Description - Conditioned Taste Aversion by Steve Reilly
Conditioned taste aversion is arguably the most important learning process that humans and animals possess because it prevents the repeated self-administration of toxic food. It has not only profoundly influenced the content and direction of learning theory, but also has important human nutritional and clinical significance. In addition to its direct relevance to food selection, dietary habits, and eating disorders, it is significant for certain clinical populations that develop it as a consequence of their treatment. The study of conditioned taste aversions has invigorated new theory and research on drug conditioning and addictions, as well as on conditioned immunity. There has also been a substantial amount of recent research exploring the neural substrates of conditioned taste aversion-its neuroanatomy, pharmacology, and role in the molecular and cellular basis of plasticity. This book provides a definitive perspective on the current state of research, theory, and clinical applications for conditioned taste aversion effects and methodology.
In each chapter, a leading scholar in the field presents a broad range of studies, along with current findings on the topic, highlighting both the major theoretical landmarks and the significant new perspectives. It will be an important resource for both professional and student researchers, who study conditioning, learning, plasticity, eating disorders, and dietary and ingestive behaviors in neuroscience, cognitive neuroscience, cognitive psychology, developmental psychology, clinical psychology, psychopharmacology, and medicine.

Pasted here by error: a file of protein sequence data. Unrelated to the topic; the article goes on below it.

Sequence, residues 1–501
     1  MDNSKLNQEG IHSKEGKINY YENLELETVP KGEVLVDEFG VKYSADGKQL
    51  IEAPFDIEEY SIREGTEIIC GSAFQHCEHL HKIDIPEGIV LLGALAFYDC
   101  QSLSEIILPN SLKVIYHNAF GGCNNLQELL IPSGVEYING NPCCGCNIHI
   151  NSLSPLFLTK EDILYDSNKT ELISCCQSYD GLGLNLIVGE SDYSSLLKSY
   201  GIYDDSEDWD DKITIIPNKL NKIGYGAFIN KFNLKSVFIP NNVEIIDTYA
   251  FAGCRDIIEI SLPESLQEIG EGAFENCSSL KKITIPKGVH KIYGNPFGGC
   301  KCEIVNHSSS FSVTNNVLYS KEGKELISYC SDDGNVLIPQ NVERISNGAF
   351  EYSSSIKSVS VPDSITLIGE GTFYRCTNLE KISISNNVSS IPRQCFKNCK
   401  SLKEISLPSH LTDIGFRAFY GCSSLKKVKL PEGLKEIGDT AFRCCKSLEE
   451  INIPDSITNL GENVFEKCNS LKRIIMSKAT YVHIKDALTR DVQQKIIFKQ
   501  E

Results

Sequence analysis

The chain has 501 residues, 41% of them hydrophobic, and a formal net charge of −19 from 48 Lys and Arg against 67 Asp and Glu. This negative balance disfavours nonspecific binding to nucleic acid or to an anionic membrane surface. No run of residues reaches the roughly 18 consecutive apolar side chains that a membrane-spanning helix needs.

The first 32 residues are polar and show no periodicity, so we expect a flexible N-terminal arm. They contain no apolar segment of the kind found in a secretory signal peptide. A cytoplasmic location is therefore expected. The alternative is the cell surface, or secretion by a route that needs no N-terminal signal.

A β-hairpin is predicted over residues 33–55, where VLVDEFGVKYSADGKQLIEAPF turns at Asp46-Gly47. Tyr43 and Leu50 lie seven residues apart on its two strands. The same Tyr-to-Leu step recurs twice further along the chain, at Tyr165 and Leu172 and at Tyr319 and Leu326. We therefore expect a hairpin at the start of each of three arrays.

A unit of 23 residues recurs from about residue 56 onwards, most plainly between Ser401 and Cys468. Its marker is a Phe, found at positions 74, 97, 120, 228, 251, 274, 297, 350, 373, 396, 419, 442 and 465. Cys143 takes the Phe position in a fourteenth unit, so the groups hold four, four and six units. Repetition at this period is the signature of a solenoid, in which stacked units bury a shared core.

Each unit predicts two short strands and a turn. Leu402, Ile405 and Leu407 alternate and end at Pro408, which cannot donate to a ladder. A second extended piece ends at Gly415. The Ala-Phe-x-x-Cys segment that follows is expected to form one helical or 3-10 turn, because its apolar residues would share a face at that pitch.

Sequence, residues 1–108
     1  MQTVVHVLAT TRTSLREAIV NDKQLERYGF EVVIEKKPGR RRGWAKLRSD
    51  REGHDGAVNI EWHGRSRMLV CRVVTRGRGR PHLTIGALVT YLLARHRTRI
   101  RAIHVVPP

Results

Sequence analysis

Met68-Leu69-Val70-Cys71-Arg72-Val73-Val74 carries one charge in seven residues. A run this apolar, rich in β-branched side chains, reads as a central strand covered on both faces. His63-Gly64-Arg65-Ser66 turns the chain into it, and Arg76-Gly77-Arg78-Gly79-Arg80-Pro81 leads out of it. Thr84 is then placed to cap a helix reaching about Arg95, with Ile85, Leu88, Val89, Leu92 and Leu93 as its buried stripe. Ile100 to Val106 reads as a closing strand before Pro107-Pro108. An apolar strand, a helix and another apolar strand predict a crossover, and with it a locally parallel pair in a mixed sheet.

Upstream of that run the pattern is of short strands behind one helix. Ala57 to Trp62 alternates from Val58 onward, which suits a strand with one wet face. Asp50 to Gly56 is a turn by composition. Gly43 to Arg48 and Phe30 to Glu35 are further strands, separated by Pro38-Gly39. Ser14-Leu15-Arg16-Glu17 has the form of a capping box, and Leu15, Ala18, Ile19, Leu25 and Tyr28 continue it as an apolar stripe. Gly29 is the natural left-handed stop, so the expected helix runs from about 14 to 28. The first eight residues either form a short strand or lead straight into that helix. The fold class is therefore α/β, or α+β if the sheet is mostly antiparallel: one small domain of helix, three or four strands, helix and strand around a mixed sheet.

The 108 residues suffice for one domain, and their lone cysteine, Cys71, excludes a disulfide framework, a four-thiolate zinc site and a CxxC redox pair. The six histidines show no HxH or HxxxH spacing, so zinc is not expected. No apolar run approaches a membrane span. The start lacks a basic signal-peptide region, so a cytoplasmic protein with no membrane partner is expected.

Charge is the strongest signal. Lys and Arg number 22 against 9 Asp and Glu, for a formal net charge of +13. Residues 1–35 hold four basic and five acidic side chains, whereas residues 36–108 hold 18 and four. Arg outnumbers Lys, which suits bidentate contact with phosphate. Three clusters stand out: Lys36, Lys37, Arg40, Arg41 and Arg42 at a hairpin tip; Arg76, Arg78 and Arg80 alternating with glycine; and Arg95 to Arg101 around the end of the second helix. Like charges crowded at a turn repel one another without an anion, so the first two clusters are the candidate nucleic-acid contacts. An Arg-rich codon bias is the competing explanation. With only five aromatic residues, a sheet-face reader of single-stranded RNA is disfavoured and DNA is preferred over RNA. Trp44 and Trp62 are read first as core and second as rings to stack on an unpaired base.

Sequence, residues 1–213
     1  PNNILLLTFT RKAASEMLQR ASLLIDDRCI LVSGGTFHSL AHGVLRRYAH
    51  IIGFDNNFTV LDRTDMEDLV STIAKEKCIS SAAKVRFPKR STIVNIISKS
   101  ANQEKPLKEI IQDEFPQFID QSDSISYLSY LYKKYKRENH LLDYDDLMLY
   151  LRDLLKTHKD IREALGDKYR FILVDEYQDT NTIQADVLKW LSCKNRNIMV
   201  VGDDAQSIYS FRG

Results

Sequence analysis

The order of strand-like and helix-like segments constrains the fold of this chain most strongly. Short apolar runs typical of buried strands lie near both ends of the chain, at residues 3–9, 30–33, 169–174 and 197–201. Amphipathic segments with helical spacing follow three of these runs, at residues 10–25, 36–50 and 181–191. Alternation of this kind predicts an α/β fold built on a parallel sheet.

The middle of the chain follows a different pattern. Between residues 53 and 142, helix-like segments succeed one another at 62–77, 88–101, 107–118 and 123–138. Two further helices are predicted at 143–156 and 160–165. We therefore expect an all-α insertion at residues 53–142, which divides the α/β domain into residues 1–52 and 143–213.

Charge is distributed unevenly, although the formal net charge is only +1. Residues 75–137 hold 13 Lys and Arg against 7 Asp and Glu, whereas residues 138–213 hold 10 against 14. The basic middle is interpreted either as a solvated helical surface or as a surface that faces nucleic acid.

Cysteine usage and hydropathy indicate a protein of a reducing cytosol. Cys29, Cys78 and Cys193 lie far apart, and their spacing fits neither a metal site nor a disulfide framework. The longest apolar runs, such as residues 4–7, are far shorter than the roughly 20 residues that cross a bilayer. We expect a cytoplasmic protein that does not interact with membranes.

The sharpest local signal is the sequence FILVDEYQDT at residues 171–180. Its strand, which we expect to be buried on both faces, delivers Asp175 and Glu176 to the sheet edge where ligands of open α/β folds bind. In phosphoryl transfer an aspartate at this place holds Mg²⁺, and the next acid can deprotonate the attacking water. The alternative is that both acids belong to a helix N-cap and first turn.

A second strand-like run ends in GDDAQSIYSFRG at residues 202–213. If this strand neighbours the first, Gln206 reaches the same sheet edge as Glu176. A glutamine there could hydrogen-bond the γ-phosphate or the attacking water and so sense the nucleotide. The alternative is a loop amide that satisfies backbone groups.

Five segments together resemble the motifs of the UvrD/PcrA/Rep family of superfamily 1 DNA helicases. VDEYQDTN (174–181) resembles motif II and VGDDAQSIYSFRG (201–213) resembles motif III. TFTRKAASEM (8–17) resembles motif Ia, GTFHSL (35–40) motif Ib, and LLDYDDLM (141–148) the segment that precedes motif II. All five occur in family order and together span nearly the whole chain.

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(262mm x 186mm x 32mm)
Oxford University Press Inc
Publisher: Oxford University Press Inc
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Book Reviews - Conditioned Taste Aversion by Steve Reilly
Author Biography - Steve Reilly
Steve Reilly obtained his D.Phil. from the University of York, England, for research concerning the neural basis of learning and memory. He has held positions in Canada and the USA (Pennsylvania State University College of Medicine) and since 1996, has been in the Department of Psychology at the University of Illinois at Chicago. His research focuses on the neural mechanisms and functional neuroanatomy of conditioned taste aversion learning and
incentive learning. Dr. Reilly is currently on the editorial boards of the International Journal of Comparative Psychology and Behavioral Neuroscience.
Todd R. Schachtman received his Ph.D. from SUNY-Binghamton conducting research in animal learning and conditioning. During three years of postdoctoral fellowship, Dr. Schachtman was at the University of York in England as well as at the University of Rochester Medical Center. He has been a faculty member at the University of Missouri since 1988. His research includes work in animal learning
and conditioning using CTA procedure, and research on the role of metabotropic glutamate receptors in CTA, inhibitory avoidance, and other behaviors.